3.1. Injury-Based Analysis of Common Police PITs
Most of the procedures and techniques described in the manuals examined [45
] originated in martial arts; therefore, they were not specifically developed to control and lock opponents, but rather to knock them out. In addition, the actors used to illustrate some procedures are wearing a martial arts kimono and none of the manuals includes a section on warming up before going into action. This is quite striking since officers rarely have the chance to warm up before an intervention—rather, they usually have to switch from inactive to active within seconds. On medical grounds, they should therefore be trained in alternative procedures and techniques requiring no warm-up in order to prevent unnecessary risks [42
The manuals examined define and describe the risks of causing serious injuries by acting on points of high (red zones in Figure 1
) or even medium vulnerability (yellow zones) but recommend a number of basic procedures and techniques based on striking such points—or even vital zones. For example, some advice hitting the mental region with a straight or hooking punch, or hitting the chin or temporal zone with an open hand. Because these blows typically hit the head or face, they can cause external injuries in the scalp or facial skeleton, in addition to severe concussion, hemorrhage and/or encephalic injuries potentially resulting in serious nerve damage or even in immediate or delayed death. Thus, hitting the temple, where the temporal bone—the weakest among cranial bones—lies, can easily break it and cause an encephalic injury. Therefore, targeting striking this zone is unjustified unless no alternative target exists owing to the high associated risk of very serious damage or even death [2
]. For example, a punch can easily exert a pressure equivalent to 400 kg, which can very easily damage especially sensitive zones such as the face or cranium.
The neck is one other region officers are trained to punch or elbow even though the blow may inflict serious damage to the airways (e.g., a tracheal or laryngeal injury) and/or to vascular (carotid arteries, jugular veins) or nerve structures [9
]. In addition, a blow on the neck (especially one on the side, where carotid arteries bifurcate) can trigger the carotid sinus and result in sudden fainting—or, as noted earlier, even in cardiac arrest and, ultimately, death [34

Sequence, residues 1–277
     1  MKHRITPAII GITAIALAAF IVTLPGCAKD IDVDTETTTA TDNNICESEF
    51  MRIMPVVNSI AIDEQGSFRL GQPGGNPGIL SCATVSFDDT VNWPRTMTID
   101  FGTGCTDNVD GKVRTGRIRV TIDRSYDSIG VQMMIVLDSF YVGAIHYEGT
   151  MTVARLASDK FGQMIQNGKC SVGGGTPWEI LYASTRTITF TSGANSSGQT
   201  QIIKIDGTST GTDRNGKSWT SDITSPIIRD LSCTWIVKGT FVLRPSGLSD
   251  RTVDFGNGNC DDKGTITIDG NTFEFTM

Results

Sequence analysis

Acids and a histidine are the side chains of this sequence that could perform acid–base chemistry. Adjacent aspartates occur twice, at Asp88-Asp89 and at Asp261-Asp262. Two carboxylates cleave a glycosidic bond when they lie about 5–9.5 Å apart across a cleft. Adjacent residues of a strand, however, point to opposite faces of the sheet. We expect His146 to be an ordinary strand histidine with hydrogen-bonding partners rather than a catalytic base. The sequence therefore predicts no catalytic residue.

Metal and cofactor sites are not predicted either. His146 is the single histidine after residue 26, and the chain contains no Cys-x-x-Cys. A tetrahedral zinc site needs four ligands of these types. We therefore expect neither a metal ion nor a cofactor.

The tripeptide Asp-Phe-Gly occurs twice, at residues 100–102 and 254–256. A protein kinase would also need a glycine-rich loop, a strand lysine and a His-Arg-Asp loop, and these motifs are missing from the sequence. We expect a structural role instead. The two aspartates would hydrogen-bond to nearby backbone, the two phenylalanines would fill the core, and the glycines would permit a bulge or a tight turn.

]. However, updated manuals also describe choking techniques that can elicit a response from the carotid sinuses and result in a vagal discharge, thereby easily damaging bony structures such as the cervical spine. The resulting injury can range from cervical sprain to rib fracture and lead to highly severe damage of the spine cord with very serious consequences in some cases. The neck is therefore another vital region that should not be stricken or pressed as far as possible [16
Other techniques dealt with in the manuals involve blows on the chest or in the abdomen with a front, side, back or circular kick, a kick stamp or a straight or hooking knee blow. A kick in the abdomen can apply a pressure equivalent to 700 kg—or even more if the typical heavy officer boots are worn—and a knee blow up to 900 kg. Therefore, kicking or kneeing the abdomen has a very high risk of causing a very serious injury such as liver or spleen fracture—and its associated hemorrhage—or damage to the kidneys or the lumbar vertebral spine [29
]. In addition, the epigastrium, where the stomach lies, is in the solar plexus, whose striking can trigger a response altering the heart rate and blood pressure to an extent leading to death through hypotension and bradycardia, respectively [31
]. Updated manuals advise elbowing the solar plexus and describe the applicable technique in detail despite its high associated risk.
Similarly, kicking or kneeing the chest can not only result in bone injury but also in severe lung trauma leading to hemorrhage or contusion—or even to a fatal pneumothorax or haemothorax [22
]. Further, a blow in the precordial zone, where the heart is, can result in cardiac trauma, which, in addition to contusion and direct injury, may cause serious heart rate disturbances and lead to commotion cordis, a condition potentially leading to death within minutes [23
]. Based on the foregoing, these techniques should not be applied to the chest or abdomen if their intrinsic risks are to be avoided, and people’s lives and physical integrity preserved.
The manuals also depict throwing techniques aimed at sending opponents to the ground by using appropriate locks or holds to break their balance. Being suddenly thrown to the ground and landing on a hard surface can cause head or spine trauma, and the trauma be worsened by bumping on, for instance, furniture or a curb [49
In addition, there are also descriptions in the manuals for control techniques, which involve dislocating a wrist, elbow or knee in order to lock the individual to be arrested. These techniques are applied to zones of medium vulnerability (yellow zones in Figure 1